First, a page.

ZENNA MULLER & KATLEGO PHEEHA
South Africa had its most successful Olympics in the country’s history earlier this month, winning a total of six medals in London. One of the athletes to have achieved a podium place was TuksSports’s own Bridgitte Hartley, who won a bronze medal in the women’s kayak K1 500m final. Perdeby had the opportunity to speak to her about what has been dubbed in many quarters the best Olympic Games ever.
What was it like to compete at the Olympics?
To be honest I tried to tone it down a bit because I know that there is lots of hype [about it] and it happens every four years. My coach told me: “Bridgitte, it’s just a competition,” as much as it is the biggest competition for anyone to compete in.
You were the first person from Africa to win the ICF Canoe Sprint World Championships. How does that compare to an Olympic bronze medal?
Making history for the first time was quite exciting because it was my first World Championship medal. It was really exciting for me but the Olympic medal is way more emotional. It is really something to cherish and it is really something special to have.
After doing so well in the semi-finals, did you feel any added pressure going into the final?
I had one of my best races in the semi-finals and that’s the race that actually counts the most. In the final you’re racing against seven girls, but if you don’t make it through the semi-finals you don’t even get to race against the other seven girls. When I realised that I could have another good race, I really realised that I had a good chance to get a medal in the final.
How has being a household name changed your life?
It hasn’t really sunk in. I’m starting to realise that the response I’m getting from the South African public is really incredible. I’m starting to realise what an impression I’ve made on South Africans.
Do you think a medal means more to South Africans compared to China who win medals in almost every event?
I definitely think so. I think for them a gold medal or Olympic record is amazing, but a bronze medal would be nothing. The response I’ve received for getting a bronze medal for South Africa made me feel like I’d won gold and still feels like I’ve got gold from the warm welcome we’ve got.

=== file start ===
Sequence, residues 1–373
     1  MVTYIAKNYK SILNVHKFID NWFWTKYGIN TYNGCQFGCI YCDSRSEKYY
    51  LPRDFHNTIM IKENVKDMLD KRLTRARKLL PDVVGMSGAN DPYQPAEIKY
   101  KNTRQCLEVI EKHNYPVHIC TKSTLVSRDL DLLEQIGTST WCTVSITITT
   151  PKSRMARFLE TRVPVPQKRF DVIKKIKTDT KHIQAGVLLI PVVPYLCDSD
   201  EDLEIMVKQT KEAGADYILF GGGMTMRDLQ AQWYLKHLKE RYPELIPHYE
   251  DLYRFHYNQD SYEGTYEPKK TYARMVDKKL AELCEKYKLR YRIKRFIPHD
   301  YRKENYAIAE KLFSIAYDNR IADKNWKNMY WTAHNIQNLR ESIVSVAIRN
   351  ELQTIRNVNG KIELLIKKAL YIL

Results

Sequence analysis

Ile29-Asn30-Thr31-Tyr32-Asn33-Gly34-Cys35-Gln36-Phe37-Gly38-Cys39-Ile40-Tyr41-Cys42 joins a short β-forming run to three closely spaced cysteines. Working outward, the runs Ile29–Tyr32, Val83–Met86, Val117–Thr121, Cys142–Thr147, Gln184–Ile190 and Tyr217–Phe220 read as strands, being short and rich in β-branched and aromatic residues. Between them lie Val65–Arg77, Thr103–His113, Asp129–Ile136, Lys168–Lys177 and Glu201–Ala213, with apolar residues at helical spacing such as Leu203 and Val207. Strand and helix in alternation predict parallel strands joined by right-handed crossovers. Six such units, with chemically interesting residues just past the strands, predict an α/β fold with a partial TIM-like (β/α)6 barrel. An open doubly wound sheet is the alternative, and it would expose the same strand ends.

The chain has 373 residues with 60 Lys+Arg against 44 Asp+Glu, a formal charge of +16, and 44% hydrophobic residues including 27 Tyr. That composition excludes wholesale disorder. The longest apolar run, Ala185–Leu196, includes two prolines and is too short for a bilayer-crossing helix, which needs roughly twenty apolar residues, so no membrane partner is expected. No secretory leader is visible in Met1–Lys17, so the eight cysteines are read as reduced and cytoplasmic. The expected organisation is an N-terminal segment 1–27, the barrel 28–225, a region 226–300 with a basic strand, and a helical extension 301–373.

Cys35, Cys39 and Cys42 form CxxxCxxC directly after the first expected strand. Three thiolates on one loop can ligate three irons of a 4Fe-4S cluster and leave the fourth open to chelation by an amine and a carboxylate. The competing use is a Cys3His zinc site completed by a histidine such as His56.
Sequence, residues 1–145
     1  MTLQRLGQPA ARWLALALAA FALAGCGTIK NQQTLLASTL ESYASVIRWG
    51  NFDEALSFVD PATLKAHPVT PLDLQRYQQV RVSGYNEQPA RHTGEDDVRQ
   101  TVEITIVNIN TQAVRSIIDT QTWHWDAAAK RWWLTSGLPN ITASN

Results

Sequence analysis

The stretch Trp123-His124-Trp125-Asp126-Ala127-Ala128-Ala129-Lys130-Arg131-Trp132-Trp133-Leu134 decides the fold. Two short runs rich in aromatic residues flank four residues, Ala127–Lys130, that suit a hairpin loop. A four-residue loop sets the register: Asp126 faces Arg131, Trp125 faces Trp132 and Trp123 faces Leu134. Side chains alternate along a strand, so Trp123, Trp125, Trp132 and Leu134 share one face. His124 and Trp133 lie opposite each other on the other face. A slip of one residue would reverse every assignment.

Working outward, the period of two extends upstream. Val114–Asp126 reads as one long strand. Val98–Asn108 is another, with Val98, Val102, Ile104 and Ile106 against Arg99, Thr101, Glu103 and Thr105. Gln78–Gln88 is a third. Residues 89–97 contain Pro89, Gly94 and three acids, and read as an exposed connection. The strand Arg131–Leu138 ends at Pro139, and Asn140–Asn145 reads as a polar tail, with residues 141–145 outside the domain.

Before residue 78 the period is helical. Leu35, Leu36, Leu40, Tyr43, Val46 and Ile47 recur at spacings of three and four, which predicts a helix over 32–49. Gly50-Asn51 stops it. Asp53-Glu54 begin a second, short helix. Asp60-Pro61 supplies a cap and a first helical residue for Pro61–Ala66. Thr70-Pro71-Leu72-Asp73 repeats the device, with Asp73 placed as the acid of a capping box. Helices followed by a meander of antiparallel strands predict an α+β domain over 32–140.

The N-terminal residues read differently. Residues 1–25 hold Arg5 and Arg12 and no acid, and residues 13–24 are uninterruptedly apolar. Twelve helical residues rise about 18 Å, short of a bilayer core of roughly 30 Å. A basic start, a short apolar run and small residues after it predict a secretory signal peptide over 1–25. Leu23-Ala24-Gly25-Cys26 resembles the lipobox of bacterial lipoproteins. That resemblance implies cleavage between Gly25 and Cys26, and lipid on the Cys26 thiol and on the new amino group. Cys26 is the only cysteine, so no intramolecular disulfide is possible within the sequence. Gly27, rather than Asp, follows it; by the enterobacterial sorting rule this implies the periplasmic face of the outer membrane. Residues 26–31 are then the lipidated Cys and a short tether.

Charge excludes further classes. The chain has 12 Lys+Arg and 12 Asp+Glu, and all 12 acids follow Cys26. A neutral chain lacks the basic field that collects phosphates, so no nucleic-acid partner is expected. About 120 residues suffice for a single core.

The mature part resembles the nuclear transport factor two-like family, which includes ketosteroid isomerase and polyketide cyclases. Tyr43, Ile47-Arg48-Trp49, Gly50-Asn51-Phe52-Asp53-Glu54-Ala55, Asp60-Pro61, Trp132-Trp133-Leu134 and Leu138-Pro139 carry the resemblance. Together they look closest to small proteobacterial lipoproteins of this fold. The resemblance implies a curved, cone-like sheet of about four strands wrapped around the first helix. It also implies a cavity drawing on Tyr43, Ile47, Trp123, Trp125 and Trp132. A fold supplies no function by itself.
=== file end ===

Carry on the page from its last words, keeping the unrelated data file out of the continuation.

How did you feel competing against world class athletes like Hungarian World Champ, Danuta Kozák and Olympic defending champion, Inna Osyepenko Radomska of the Ukraine?
Up until the Olympics, as soon as I saw I had one of those names in my heats, I would actually get really nervous. But what I managed to do well was taking each race as it goes. I got excited that I got Danuta Kozak in my heat.
As you approach the age of 30, do you feel awkward competing against younger athletes?
I don’t really, to be honest. All the K1 medallists from Beijing were 32 and older and now Danuta was the only younger girl out of the three medallists. Our sport is all about strength and power and I think you get a bit stronger as a woman as you get older. I’ve made loads of good friends from other countries that are 20 to 23 years old. I’ve trained with them and they push me and I push them. I managed to do well and I don’t feel like it is the end of the road at all.
What is your next step or goal in your career?
I figured I’d have holiday now and weigh out what I want to do with my life. I’ve got a degree now but I wouldn’t start working. I might get something part time to do.